Another important reminder in her book is that with the expansion of the aid industry trauma is not just limited to front line staff:

Journalists, therapists, aid workers, medical staff, social workers and care workers can all be exposed to vicarious trauma. Likewise, office staff can be exposed vicariously to trauma. This was highlighted in the Ebola response. Aid workers that were exposed to stories remotely started to experience trauma symptoms and requested psychological support (p.14).
And while Dunkley’s book is certainly on a difficult subject, it is neither a discouraging let alone defeatist read:
I find working with trauma inspiring, not only because of witnessing the human spirit to survive, but also because of the privilege to travel such difficult terrain with an individual who is suffering to a path of greater resilience, self-compassion and traumatic growth (p.23).
Cultural relevance as a key to good aid work, healthy aid workers and resilient communities
There is such a lot of useful, practical material in the book, but one final aspects I would like to highlight is the chapter on Cultural relevance of psychosocial support.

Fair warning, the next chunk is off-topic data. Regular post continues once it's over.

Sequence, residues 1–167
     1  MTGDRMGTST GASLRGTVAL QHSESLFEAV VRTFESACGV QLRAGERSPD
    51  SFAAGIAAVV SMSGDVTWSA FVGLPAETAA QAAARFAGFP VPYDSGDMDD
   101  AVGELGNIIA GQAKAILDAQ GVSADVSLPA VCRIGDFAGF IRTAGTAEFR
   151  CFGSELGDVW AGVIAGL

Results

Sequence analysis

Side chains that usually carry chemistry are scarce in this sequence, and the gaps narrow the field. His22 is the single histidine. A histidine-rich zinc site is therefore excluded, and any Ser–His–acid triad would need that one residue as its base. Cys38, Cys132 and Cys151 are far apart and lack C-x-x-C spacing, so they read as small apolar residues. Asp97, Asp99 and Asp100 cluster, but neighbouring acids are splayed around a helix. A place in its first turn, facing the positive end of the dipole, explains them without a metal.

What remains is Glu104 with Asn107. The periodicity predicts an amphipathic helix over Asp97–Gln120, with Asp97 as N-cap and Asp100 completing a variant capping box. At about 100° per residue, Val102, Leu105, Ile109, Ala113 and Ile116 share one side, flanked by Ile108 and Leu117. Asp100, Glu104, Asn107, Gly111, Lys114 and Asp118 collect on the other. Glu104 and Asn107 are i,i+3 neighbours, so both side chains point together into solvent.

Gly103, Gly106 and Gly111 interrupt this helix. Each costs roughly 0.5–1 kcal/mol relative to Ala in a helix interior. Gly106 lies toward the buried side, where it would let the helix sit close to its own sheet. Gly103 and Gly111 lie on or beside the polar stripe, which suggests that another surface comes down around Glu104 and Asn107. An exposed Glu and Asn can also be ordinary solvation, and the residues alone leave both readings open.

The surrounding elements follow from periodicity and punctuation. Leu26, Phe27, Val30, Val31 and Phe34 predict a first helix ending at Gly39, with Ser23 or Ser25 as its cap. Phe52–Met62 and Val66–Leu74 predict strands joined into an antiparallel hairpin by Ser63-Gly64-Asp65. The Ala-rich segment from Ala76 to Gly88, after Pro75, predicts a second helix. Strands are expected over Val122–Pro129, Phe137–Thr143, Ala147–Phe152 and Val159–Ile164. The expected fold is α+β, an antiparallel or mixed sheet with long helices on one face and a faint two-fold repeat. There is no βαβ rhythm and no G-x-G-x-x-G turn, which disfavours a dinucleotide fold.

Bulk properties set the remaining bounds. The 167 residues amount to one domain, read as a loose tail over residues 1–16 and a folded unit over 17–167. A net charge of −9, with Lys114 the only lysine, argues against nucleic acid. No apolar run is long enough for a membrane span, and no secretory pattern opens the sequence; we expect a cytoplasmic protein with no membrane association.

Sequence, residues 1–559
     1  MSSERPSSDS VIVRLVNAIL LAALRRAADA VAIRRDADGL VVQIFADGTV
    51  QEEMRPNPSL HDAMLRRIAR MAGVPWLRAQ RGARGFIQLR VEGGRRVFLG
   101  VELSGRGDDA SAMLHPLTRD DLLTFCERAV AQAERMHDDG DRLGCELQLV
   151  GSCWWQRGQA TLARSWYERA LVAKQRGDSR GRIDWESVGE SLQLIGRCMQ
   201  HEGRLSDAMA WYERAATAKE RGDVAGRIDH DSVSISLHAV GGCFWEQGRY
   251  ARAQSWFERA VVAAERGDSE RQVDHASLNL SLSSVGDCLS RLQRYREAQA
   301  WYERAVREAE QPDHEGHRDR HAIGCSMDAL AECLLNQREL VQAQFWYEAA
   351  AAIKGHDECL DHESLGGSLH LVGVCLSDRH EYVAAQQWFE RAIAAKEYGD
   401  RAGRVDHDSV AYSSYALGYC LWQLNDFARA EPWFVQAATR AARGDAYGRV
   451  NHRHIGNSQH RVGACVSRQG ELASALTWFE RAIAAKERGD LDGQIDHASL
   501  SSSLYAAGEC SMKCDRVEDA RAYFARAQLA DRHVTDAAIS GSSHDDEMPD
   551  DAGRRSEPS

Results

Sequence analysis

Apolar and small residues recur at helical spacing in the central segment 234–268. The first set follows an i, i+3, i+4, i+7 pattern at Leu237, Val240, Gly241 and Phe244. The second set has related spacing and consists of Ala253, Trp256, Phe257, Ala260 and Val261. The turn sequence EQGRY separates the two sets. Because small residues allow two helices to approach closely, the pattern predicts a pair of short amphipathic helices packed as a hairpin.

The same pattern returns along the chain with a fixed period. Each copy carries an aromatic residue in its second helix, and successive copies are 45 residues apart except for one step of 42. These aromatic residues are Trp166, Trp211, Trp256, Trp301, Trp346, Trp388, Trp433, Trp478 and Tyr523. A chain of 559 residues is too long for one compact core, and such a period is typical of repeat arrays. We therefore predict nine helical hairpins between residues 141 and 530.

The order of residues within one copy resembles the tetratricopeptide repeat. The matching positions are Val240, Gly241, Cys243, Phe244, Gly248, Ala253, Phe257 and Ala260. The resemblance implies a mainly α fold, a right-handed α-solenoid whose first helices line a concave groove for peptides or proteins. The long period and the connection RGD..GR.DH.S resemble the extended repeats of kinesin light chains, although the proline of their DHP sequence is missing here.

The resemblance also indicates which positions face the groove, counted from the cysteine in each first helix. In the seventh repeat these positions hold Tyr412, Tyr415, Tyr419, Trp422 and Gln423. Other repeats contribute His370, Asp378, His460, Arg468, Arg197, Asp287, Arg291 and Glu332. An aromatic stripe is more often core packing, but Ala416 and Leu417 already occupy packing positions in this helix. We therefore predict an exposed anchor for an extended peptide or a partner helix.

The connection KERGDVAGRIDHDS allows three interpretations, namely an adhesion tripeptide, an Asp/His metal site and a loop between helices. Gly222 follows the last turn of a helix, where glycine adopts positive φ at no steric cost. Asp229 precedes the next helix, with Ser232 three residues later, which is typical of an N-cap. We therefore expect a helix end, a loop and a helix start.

Many of the aspects are important reminder that apply to all good aid work and a quote from Red Cross’ Sarah Davidson sums it up well:

By not checking with those with whom we are working, we risk causing harm through our assumptions, by being misguided or blinkered, such as offering individual therapy rather than engaging a family, community or organisation; or by offering assistance through an inappropriate channel, such as a mixed-gender group (pp.99-100).
As I wrote in a recent post about some trends in aid industry employment, looking after those who provide aid is going to be an area of growth that deserves highest professional standards.

Returning to where my review started, Psychological Support for Humanitarian Aid Workers is an excellent resource that creates an important road map from knowing about trauma, building resilience, managing emergencies and creating a comprehensive ‘grab bag’ in a professional, culturally appropriate way.

As Dunkley concludes:

The core principles of humanity, neutrality, impartiality and independence are more necessary than ever. (…) I strongly believe healing communities and countries suffering from trauma will lead to a more cohesive, inclusive and peaceful world (p.111).
One of the biggest challenges is the book’s accessibility-the printed hardback version is quite expensive (although within reason for a commercial academic publisher) and the Ebook version, although cheaper, may not be ideal for all environments of the global aid industry-I would really hope that an organization or donor comes forward and supports an open access version of the book-a few thousand pounds very well spend on making this world a safer place! 

Dunkley, Fiona: Psychosocial Support for Humanitarian Aid Workers: A Roadmap of Trauma and Critical Incident Care. ISBN 978-1-31520-145-0, 136pp, 13.50 GBP (Ebook version), Boca Raton, FL: CRC Press/Routledge, 2018.